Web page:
• Thanks, MJ,
        The surgery went well, and she was actually doing very well afterward. Long, rough road ahead though. I do appreciate your thoughts SO much!

      • Really thankful it went well and that she was holding up ok afterwards; you’re in my thoughts. Thank you for the update, Dianna, MJ

  11. I can relate to the second bullet. Going on a business trip is “me” time after the workday away from the carousing. I like how you phrased it…so matter of factly and sensibly. My hotel bed is usually lovely, and I get a good night’s sleep…nice to wake up refreshed.

    • … Unless there’s something wrong with the room, generally speaking it’s my little respite away from the company-speak etc. It’s so nice to wake up feeling good and head into meetings looking like it, too!!
      MJ

  12. Wonderful! It’s so very hard, sometimes, to simply step back and say, “Enough.” I especially like your last method…LOVE thumping music :D…though I find what works best for me is one of two things: a walk in the woods by myself with God or praising Him in the quiet of the early morning when the house is still. Bless you for sharing MJ.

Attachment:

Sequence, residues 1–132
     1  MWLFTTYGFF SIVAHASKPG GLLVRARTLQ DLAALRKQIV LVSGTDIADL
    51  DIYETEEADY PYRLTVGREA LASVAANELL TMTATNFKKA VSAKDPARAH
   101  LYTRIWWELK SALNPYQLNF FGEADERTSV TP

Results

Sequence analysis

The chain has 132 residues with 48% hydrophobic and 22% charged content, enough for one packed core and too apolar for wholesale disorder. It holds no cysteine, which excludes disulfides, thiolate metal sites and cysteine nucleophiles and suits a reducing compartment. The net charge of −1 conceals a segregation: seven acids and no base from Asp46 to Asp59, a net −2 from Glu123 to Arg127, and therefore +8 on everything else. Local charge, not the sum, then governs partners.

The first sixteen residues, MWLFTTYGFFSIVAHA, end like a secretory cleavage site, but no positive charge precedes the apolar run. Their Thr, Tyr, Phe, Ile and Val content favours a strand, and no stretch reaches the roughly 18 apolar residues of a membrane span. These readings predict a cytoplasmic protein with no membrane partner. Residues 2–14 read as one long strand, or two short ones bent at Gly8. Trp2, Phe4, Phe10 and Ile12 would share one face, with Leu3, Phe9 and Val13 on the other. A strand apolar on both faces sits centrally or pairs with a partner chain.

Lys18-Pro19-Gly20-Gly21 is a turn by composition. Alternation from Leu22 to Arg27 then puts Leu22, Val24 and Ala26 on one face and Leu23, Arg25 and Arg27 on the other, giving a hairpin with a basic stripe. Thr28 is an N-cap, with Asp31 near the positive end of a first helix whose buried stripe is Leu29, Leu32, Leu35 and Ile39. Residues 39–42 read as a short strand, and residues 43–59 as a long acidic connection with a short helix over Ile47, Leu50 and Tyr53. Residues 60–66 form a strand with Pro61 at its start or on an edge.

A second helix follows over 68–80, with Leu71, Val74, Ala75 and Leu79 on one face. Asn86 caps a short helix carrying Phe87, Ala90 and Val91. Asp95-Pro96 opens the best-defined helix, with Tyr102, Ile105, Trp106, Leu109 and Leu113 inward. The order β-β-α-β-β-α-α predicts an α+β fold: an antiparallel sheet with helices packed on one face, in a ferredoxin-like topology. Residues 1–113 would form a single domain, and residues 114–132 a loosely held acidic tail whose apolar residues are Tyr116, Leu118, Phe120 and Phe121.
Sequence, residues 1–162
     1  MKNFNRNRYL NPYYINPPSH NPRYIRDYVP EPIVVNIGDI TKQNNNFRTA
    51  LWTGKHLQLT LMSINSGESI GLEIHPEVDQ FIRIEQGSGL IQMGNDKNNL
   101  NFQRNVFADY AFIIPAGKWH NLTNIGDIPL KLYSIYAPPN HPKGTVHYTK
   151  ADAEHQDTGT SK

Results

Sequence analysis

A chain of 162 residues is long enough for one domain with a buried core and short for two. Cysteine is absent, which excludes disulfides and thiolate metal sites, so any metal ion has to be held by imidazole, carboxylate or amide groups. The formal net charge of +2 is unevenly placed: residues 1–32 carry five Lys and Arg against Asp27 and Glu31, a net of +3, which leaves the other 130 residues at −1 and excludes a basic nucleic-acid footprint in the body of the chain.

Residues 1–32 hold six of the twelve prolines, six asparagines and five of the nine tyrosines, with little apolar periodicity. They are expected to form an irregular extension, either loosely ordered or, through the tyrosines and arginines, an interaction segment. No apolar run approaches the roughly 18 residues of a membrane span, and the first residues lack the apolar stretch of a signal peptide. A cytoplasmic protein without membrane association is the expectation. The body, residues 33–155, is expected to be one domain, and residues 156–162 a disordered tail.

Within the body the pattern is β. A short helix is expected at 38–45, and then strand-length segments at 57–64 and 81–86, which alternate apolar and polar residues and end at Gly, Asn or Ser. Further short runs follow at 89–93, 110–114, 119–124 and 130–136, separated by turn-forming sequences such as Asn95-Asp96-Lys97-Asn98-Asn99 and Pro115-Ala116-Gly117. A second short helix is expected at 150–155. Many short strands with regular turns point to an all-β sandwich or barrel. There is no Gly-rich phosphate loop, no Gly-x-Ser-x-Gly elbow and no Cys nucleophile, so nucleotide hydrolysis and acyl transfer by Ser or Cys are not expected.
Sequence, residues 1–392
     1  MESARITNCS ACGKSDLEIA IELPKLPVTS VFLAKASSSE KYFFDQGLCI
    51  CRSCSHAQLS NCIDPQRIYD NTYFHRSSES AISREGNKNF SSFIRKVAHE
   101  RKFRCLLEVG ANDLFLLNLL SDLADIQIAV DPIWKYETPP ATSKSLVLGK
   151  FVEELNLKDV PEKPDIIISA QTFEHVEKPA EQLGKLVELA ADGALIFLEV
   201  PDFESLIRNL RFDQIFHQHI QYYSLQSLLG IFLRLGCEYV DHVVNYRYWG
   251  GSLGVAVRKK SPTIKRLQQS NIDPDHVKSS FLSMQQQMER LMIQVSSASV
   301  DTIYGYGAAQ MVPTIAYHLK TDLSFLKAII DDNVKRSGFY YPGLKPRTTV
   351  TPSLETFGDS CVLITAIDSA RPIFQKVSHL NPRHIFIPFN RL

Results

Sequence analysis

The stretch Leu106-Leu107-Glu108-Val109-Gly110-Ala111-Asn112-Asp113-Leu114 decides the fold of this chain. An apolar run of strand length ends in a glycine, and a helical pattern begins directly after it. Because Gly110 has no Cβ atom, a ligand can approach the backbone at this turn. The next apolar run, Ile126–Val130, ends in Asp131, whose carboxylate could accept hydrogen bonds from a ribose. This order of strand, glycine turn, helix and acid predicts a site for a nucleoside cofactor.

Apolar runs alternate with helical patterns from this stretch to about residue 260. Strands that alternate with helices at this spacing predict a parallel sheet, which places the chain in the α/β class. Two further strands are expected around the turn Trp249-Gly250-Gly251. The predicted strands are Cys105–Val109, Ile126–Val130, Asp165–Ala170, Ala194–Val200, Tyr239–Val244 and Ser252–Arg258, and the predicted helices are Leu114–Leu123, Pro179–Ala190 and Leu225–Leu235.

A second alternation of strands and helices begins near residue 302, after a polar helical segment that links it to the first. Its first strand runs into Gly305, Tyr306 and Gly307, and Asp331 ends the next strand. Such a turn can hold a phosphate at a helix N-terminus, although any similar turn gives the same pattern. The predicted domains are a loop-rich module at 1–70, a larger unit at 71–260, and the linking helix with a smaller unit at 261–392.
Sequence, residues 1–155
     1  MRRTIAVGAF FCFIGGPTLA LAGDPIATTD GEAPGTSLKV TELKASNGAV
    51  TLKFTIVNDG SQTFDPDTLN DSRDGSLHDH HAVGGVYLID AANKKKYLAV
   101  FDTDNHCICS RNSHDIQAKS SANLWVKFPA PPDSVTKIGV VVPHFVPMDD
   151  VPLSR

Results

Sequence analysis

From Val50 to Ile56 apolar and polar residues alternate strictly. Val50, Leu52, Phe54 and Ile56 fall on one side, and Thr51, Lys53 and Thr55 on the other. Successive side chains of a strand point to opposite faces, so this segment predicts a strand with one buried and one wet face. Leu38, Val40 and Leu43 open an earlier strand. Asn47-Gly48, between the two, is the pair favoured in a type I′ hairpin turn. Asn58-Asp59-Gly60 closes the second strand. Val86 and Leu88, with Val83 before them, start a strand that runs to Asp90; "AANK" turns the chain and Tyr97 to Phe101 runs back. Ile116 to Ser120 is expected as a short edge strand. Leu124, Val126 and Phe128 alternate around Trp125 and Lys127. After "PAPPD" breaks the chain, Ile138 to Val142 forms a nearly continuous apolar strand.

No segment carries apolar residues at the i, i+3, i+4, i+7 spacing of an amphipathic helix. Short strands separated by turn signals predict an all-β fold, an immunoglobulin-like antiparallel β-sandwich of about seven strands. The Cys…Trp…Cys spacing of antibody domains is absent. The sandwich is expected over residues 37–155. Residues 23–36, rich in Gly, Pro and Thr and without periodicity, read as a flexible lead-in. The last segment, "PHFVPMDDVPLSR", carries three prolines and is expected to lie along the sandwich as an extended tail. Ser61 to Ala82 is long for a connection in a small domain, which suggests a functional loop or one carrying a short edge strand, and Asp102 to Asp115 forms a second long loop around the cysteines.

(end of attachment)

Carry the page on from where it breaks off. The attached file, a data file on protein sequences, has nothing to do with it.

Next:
• I hear you on that, Guy. Quiet times in the morning, before my guys are up milling around, are when I feel closest to Him. And then I turn on my Elvis Gospel music and dance around 🙂
      Thanks for visiting,
      MJ

  13. I read “pray attention” and it certainly fit. I’m definitely with you on some disconnecting. Lately its so I can do more reading and get back to the easel. peace to you MJ!

    • Yes – making room, clearing out the clutter, lets us get back to what’s really meaningful. Thank you for visiting and have fun with the easel! 🙂 MJ

  14. I don’t know if I ever do disconnect, unless sleeping counts. I crave being connected and am really not good at doing nothing. I can see there are benefits though. You’ve got some great ideas on how to recharge your batteries.